• Views: in the last
  • 15Week
  • 11Month
  • 101Total


  • NJ A3
  • Requires health insurance coverage for treatment of substance use disorders; places certain restrictions on the prescription of opioid and certain other drugs; concerns continuing education related thereto.
Introduced
(1/30/2017)
In Committee
(1/30/2017)
Crossed OverPassedSignedDead/Failed/Vetoed
2016-2017 Regular Session
This bill requires health insurance coverage for substance use disorders and regulates opioids and certain other prescription drugs in several ways. The bill requires health insurance carriers, the State Health Benefits Program, and the School Employees' Health Benefits Program, to adhere to certain coverage requirements for treatment of substance use disorders. The bill also places certain restrictions on the prescription of opioids, and requires certain notifications when prescribing Schedule II controlled dangerous substances used to treat chronic or acute pain. The bill also requires certain health care professionals to receive training on topics related to prescription opioid drugs. Finally, the bill repeals certain sections of law that are obviated by the bill's provisions. Specifically, the bill requires insurers to provide unlimited benefits for inpatient and outpatient treatment of substance use disorders at in-network facilities. The bill further specifies that the services for the treatment of substance use disorders shall be prescribed by a licensed physician, licensed psychologist, or licensed psychiatrist and provided by licensed health care professionals or licensed or certified substance use disorder providers in licensed or otherwise State-approved facilities, as required by the laws of the state in which the services are rendered. The bill provides that the benefits, for the first 180 days per plan year of inpatient and outpatient treatment of substance use disorder, shall be provided when determined medically necessary by the covered person's physician, psychologist or psychiatrist without the imposition of any prior authorization or other prospective utilization management requirements. If there is no in-network facility immediately available for a covered person, a carrier shall provide necessary exceptions to their network to ensure admission in a treatment facility within 24 hours. Under the bill, providers of treatment for substance use disorders to persons covered under a covered insurance policy shall not require pre-payment of medical expenses during the 180 days in excess of applicable co-payment, deductible, or co-insurance under the policy. The benefits for outpatient visits shall not be subject to concurrent or retrospective review of medical necessity or any other utilization management review. The benefits for the first 28 days of an inpatient stay during each plan year shall be provided without any retrospective review or concurrent review of medical necessity and medical necessity shall be as determined by the covered person's physician. The benefits for days 29 and thereafter of inpatient care shall be subject to concurrent review as defined in the bill. The bill establishes a process for concurrent review and an appeals process pursuant to the Independent Health Care Appeals Program in the Department of Banking and Insurance. The benefits for the first 28 days of intensive outpatient or partial hospitalization services shall be provided without any retrospective review of medical necessity and medical necessity shall be as determined by the covered person's physician. The benefits for days 29 and thereafter of intensive outpatient or partial hospitalization services shall be subject to a retrospective review of the medical necessity of the services. The bill specifies that benefits for inpatient and outpatient treatment of substance use disorder after the first 180 days per plan year shall be subject to the medical necessity determination of the insurer and may be subject to prior authorization or, retrospective review and other utilization management requirements. The medical necessity review shall utilize an evidence-based and peer reviewed clinical review tool to be designated through rulemaking by the Commissioner of Human Services in consultation with the Department of Health. The benefits for outpatient prescription drugs used to treat substance abuse disorder shall be provided when determined medically necessary by the covered person's physician, psychologist or psychiatrist without the imposition of any prior authorization or other prospective utilization management requirements. The bill defines a "substance use disorder" as defined by the American Psychiatric Association in the Diagnostic and Statistical Manual of Mental Disorders, Fifth Edition and any subsequent editions and includes substance use withdrawal. "Concurrent review" is defined to mean inpatient care is reviewed as it is provided. Medically qualified reviewers monitor appropriateness of the care, the setting, and patient progress, and as appropriate, the discharge plans. The bill provides that the first 180 days per plan year of benefits shall be computed based on inpatient days. One or more unused inpatient days may be exchanged for two outpatient visits. All extended outpatient services such as partial hospitalization and intensive outpatient, shall be deemed inpatient days for the purpose of the visit to day exchange as provided in the bill. The bill stipulates that the Attorney General's Office shall be responsible for overseeing any violations of law that may result from the bill, including fraud, abuse, waste, and mistreatment of covered persons. The bill also makes clear that the provisions requiring health insurance coverage do not apply to plans administered by the Department of Human Services. The bill also places certain restrictions on how opioids and other Schedule II controlled substances may be prescribed. In cases of acute pain, the bill provides that a practitioner shall not issue an initial prescription for an opioid drug in a quantity exceeding a five-day supply. In cases of acute or chronic pain, prior to issuing an initial prescription of a course of treatment that includes a Schedule II controlled dangerous substance or any other opioid drug, a practitioner shall: (1) take and document the results of a thorough medical history, including the patient's experience with non-opioid medication and non-pharmacological pain management approaches and substance abuse history; (2) conduct, as appropriate, and document the results of a physical examination; (3) develop a treatment plan, with particular attention focused on determining the cause of the patient's pain; (4) access relevant prescription monitoring information under the Prescription Monitoring Program; and (5) limit the supply of any opioid drug prescribed for acute pain to a duration of no more than five days as determined by the directed dosage and frequency of dosage. No less than four days after issuing the initial prescription, the practitioner, after consultation with the patient, may issue a subsequent prescription for the drug to the patient in any quantity that complies with applicable State and federal laws, provided that: (1) the subsequent prescription would not be deemed an initial prescription under this section; (2) the practitioner determines the prescription is necessary and appropriate to the patient's treatment needs and documents the rationale for the issuance of the subsequent prescription; and (3) the practitioner determines that issuance of the subsequent prescription does not present an undue risk of abuse, addiction, or diversion and documents that determination. The bill also requires, prior to issuing the initial prescription of a course of treatment that includes a Schedule II controlled dangerous substance or any other opioid drug and again prior to issuing the third prescription of the course of treatment, a practitioner shall discuss with the patient, or the patient's parent or guardian if the patient is under 18 years of age and is not an emancipated minor, the risks associated with the drugs being prescribed, including but not limited to: - the risks of addiction and overdose associated with opioid drugs and the dangers of taking opioid drugs with alcohol, benzodiazepines and other central nervous system depressants; - the reasons why the prescription is necessary; - alternative treatments that may be available; and - risks associated with the use of the drugs being prescribed, specifically that opioids are highly addictive, even when taken as prescribed, that there is a risk of developing a physical or psychological dependence on the controlled dangerous substance, and that the risks of taking more opioids than prescribed, or mixing sedatives, benzodiazepines or alcohol with opioids, can result in fatal respiratory depression. The practitioner shall obtain a written acknowledgement, on a form developed and made available by the Division of Consumer Affairs, that the patient or the patient's parent or guardian, as applicable, has discussed with the practitioner the risks of developing a physical or psychological dependence on the controlled dangerous substance and alternative treatments that may be available. The Division of Consumer Affairs shall develop and make available to practitioners guidelines for the discussion required pursuant to the bill. At the time of the issuance of the third prescription for a prescription opioid drug, the practitioner shall enter into a pain management agreement with the patient. When a Schedule II controlled dangerous substance or any other prescription opioid drug is continuously prescribed for three months or more for chronic pain, the practitioner shall: (1) review, at a minimum of every three months, the course of treatment, any new information about the etiology of the pain, and the patient's progress toward treatment objectives and document the results of that review; (2) assess the patient prior to every renewal to determine whether the patient is experiencing problems associated with physical and psychological dependence and document the results of that assessment; (3) periodically make reasonable efforts, unless clinically contraindicated, to either stop the use of the controlled substance, decrease the dosage, try other drugs or treatment modalities in an effort to reduce the potential for abuse or the development of physical or psychological dependence and document with specificity the efforts undertaken; (4) review the Prescription Drug Monitoring information in accordance with N.J.S.A.45:1-46; and (5) monitor compliance with the pain management agreement and any recommendations that the patient seek a referral. The bill exempts from the prescription limitations above the following: a patient who is currently in active treatment for cancer, receiving hospice care from a licensed hospice or palliative care, or is a resident of a long term care facility, and any medications that are being prescribed for use in the treatment of substance abuse or opioid dependence. The bill also would require certain health care professionals to receive training on topics related to prescription opioid drugs. Health care professionals who have the authority to prescribe opioid medications, including physicians, physician assistants, dentists, and optometrists (who have limited authority to prescribe only hydrocodone), will be required to complete one continuing education credit on topics that include responsible prescribing practices, alternatives to opioids for managing and treating pain, and the risks and signs of opioid abuse, addiction, and diversion. For advance practice nurses, who also have prescribing authority, their required six contact hours of continuing professional education in pharmacology related to controlled substances will include issues concerning prescription opioid drugs, including responsible prescribing practices, alternatives to opioids for managing and treating pain, and the risks and signs of opioid abuse, addiction, and diversion. Health care professionals who do not have prescribing authority but who frequently interact with patients who may be prescribed opioids, including pharmacists, professional nurses, and practical nurses, would also be required to complete one continuing education credit on topics that include alternatives to opioids for managing and treating pain and the risks and signs of opioid abuse, addiction, and diversion. The continuing education credits required under the bill will be part of a professional's regular continuing education credits and will not increase the total number of continuing education credits required. The bill additionally provides that certified nurse midwives will be required to complete one credit of educational programs or topics related to prescription opioid drugs as part of the 30 contact hours in pharmacology training that is required for them to be authorized to prescribe drugs. The bill also requires the Commissioner of Health, in consultation with the Commissioner of Banking and Insurance, to submit reports to the Legislature and the Governor concerning implementation of the bill. One report is to be submitted six months, and the second report is to be submitted 12 months, after the date of enactment of the bill. Finally the bill repeals several statutes, initially enacted in 1977 and 1985, which required coverage for the treatment of alcoholism. Because the bill expands that coverage to include treatment for all types of substance use disorder, including alcohol abuse, those sections of law specific to alcoholism are no longer required.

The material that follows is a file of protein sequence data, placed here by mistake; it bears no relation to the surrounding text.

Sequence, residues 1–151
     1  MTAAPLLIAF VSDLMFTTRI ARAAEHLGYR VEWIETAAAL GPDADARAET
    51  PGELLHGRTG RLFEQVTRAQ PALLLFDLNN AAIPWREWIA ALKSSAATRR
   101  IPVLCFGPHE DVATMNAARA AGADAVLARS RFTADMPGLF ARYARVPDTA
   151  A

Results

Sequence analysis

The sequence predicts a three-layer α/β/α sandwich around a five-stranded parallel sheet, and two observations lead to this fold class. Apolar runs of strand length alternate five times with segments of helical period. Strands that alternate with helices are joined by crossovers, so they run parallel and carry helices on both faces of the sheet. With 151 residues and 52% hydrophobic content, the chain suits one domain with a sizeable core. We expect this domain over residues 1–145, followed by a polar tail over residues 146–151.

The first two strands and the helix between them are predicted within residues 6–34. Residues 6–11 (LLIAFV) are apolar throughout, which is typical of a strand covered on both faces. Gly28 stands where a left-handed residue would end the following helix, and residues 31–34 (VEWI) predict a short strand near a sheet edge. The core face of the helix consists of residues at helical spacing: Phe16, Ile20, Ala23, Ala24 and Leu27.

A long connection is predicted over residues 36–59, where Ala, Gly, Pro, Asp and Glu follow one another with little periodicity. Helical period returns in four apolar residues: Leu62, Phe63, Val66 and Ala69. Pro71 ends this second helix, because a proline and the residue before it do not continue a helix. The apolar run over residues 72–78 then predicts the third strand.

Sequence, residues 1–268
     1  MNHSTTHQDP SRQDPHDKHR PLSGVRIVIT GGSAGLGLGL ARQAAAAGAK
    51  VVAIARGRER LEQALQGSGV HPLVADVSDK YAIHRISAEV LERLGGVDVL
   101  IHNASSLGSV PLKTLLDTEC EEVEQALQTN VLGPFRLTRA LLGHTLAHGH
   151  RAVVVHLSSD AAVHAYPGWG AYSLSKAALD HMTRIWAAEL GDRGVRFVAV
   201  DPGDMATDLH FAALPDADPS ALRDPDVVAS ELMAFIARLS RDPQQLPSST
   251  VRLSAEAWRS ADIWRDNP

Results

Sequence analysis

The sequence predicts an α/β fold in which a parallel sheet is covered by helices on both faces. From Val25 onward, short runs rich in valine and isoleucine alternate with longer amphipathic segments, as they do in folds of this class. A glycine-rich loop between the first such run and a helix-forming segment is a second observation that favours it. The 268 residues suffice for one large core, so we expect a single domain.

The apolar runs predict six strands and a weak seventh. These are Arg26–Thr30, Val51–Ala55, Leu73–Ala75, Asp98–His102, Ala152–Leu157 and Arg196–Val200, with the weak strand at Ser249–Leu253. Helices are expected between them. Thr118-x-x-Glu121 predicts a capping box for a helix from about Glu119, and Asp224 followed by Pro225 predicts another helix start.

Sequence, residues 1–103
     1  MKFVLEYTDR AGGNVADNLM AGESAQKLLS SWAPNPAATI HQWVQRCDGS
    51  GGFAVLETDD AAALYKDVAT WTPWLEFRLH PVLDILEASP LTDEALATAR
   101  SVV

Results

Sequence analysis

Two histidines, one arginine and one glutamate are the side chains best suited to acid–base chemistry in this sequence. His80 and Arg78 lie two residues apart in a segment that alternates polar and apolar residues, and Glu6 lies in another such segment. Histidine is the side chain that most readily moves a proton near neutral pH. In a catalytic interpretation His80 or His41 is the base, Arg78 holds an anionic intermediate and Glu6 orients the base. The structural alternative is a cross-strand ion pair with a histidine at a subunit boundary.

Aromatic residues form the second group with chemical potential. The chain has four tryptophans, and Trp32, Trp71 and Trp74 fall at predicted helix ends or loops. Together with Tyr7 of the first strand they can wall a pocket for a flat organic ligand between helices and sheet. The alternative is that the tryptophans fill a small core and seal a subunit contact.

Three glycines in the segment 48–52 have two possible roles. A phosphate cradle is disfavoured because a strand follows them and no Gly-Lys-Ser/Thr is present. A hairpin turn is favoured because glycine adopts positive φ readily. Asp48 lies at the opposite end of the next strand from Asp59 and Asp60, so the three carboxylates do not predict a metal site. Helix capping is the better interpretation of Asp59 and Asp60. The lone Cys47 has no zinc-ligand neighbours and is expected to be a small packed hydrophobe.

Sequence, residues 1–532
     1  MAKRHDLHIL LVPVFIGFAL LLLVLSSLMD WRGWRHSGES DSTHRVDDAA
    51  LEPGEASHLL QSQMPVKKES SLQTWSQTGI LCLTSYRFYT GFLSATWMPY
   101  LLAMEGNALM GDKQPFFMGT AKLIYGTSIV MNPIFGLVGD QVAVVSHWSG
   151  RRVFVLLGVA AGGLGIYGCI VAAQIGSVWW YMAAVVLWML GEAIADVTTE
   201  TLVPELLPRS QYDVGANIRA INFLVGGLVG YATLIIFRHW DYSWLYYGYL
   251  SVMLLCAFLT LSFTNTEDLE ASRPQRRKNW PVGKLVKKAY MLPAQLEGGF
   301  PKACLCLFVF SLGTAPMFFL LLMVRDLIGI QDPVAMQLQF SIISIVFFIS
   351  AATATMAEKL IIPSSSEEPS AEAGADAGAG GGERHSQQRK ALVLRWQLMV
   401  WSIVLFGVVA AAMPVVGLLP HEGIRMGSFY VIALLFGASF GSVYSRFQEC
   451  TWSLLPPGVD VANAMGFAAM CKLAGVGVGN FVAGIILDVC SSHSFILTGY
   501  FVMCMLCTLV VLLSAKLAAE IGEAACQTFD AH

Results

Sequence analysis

2nd Reading in the Assembly, Substituted by another Bill
Substituted by S3 (1R)  (on 2/15/2017)
 
 

Date Chamber Action Description
2/15/2017 A Substituted by S3 (1R)
1/30/2017 A Reported out of Assembly Comm. with Amendments, 2nd Reading
1/30/2017 A Introduced, Referred to Assembly Financial Institutions and Insurance Committee
1/30/2017 Assembly Financial Institutions and Insurance Hearing (19:00 1/30/2017 )
Date Motion Yea Nay Other
Detail 1/30/2017 Assembly Financial Institutions and Insurance Committee: Reported with Amendments 10 0 3